California Could Create Its Own Coronavirus Unemployment Benefit

As the COVID-19 pandemic continues to hurt California’s economy, state lawmakers are weighing whether to provide a supplemental unemployment benefit with the additional $ 600 per week provided by the federal government due this month.

Assemblyman Phil Ting (D-San Francisco), leader of a legislative task force, said there is support among Democratic lawmakers to provide up to $ 600 a week to unemployed Californians if Congress does not act to extend the benefit of the pandemic federal.

“There are so many people who depend on that money to pay the rent and buy food. I think the state has to do everything possible to help them pay their bills, “said Ting, chairman of the Assembly Budget Committee.

With the federal supplement ending on July 25, state unemployment checks will return to the weekly average of $ 340 unless the state or federal government restores the supplemental benefits.

The money for any extended benefits would be borrowed from a federal trust fund that has already covered the state’s costs of paying unemployment benefits to millions of Californians who lost their jobs after the state ordered residents to stay home in March for stop the spread of the virus. .

California has borrowed $ 6.5 billion from the federal trust fund to pay an unprecedented number of claims filed since March. The state borrowed $ 10.7 billion to pay unemployment benefits during the Great Recession a decade ago and only ended up paying the money back in 2018 by raising taxes on employers.

Ting and 25 other members of the state Senate and Assembly, acting in task forces, raised the issue as part of a $ 100 billion joint stimulus plan that aims to protect Californians and stimulate job creation. A summary of the plan includes a proposal to “borrow from the federal government to strengthen state unemployment insurance programs.”

The proposed stimulus plan will be provided to Governor Gavin Newsom and an economic recovery task force created to address the effects of the pandemic-fueled recession in the state.

“Millions of Californians are suffering in this economic downturn, and Republicans in Washington, DC don’t seem to mind,” said Assembly Speaker Anthony Rendon (DLakewood) said that when the stimulus plan was launched.

Gov. Gavin Newsom’s representatives did not respond Tuesday to requests for comment on whether he would support the state providing supplemental unemployment benefits. Newsom said Friday that he hopes House of Representatives Speaker Nancy Pelosi will convene Congress to provide more financial aid to unemployed Californians.

“I have deep confidence in your ability to accomplish something important, to accomplish something that directly addresses the problem not only of unemployment insurance, but of getting checks in the pockets of those who have been affected by COVID-19,” Newsom said.

On Monday, Republicans in the United States Senate proposed a package that would cut the improved federal unemployment payments from $ 600 a week to $ 200 after some lawmakers argued that the higher payments provided many low-wage workers more money than they had received while working, providing a disincentive to return to work.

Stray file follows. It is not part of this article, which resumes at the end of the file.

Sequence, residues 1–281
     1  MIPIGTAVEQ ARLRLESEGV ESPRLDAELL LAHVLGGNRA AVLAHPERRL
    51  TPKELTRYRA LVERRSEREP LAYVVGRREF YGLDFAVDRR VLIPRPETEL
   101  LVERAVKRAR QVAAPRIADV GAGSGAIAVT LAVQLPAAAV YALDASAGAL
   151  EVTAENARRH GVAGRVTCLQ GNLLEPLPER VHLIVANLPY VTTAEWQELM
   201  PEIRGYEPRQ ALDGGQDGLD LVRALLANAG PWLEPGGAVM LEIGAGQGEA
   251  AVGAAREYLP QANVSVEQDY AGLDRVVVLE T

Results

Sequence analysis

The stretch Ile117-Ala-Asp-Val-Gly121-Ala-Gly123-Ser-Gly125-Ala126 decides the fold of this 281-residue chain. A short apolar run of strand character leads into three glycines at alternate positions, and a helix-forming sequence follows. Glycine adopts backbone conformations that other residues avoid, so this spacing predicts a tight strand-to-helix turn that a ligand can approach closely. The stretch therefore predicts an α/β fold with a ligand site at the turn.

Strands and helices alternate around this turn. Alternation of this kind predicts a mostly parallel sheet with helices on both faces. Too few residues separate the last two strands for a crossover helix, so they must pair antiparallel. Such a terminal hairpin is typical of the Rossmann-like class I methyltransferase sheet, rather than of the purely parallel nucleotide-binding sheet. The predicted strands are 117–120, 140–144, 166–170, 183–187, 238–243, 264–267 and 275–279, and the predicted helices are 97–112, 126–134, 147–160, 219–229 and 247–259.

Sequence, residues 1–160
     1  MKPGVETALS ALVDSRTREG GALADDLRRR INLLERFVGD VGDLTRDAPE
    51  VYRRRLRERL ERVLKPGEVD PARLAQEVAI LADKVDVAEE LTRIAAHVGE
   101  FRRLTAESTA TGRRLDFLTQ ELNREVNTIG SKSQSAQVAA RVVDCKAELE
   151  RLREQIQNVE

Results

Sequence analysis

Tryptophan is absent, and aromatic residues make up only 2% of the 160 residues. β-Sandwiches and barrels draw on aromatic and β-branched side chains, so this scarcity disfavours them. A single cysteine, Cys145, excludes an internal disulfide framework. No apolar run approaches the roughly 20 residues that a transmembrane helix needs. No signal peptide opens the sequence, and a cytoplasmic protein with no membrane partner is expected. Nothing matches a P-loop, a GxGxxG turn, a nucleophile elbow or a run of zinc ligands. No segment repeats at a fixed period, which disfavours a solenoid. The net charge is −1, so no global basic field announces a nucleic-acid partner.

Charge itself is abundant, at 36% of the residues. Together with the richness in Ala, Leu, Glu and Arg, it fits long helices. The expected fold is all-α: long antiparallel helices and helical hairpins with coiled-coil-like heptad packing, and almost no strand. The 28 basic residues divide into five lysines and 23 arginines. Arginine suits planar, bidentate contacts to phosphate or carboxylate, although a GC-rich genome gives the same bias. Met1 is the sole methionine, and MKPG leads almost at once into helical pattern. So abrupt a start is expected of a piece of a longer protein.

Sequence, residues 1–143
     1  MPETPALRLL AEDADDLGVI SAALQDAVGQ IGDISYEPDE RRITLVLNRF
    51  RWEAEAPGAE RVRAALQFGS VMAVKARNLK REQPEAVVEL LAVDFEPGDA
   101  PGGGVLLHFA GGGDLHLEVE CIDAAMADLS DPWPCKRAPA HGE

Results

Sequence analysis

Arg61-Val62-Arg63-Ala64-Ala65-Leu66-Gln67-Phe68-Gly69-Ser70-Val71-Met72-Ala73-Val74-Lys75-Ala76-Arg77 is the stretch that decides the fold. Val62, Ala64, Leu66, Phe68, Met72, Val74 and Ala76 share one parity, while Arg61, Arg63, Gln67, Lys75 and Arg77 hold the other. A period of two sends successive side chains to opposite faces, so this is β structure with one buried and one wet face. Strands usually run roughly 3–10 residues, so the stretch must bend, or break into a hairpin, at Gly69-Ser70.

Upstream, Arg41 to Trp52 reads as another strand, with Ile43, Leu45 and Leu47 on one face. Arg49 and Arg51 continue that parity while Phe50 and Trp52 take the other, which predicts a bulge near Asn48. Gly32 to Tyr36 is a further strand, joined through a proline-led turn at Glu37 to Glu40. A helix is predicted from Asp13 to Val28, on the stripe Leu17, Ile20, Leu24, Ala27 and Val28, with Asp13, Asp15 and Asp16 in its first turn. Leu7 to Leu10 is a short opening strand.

The proposal to cut the supplement to $ 200 would create financial hardship for many low-income families in California, according to a study published Tuesday by the California Policy Laboratory at UCLA.

The Republican Senate proposal is now subject to negotiations with House Democrats, who have proposed an extension of the $ 600 unemployment benefit.

California would not have to provide supplemental funds if the federal government reinstates the $ 600 payments, Ting said, but said the state should step in if there is no help from Washington.

“We know that that money has been critical enough to keep the number of evictions lower than we had imagined,” said Ting. “The last thing we should do is compound our homeless problem. We don’t need thousands more Californians on our streets today. ”

Money borrowed from the federal unemployment trust fund is returned with higher taxes to employers in the coming years.

Supplemental money approved by Congress meant that the average weekly benefit for Californians increased to $ 940 as of April, while those who received the maximum weekly state benefits saw an increase of $ 1,050.

So far, California has paid about $ 50 billion in unemployment benefits since March, after processing 8.7 million claims for unemployed Californians.

The increase in unemployment benefits would occur even when lawmakers from both major parties have criticized the operations of the state agency that approves claims and pays unemployment benefits.

Republican State Senate Leader Shannon Grove of Bakersfield on Tuesday criticized Democratic lawmakers for canceling a committee meeting that would have allowed lawmakers to order an audit of the state’s Employment Development Department.

The audit was proposed in response to complaints from unemployed Californians who have been unable to file claims for unemployment benefits due to blocked state phone lines and computer failures.

“California Democrats took the opportunity to audit the EDD, which would have helped millions of frustrated Californians,” Grove said. “This audit would have been an opportunity to get responses.”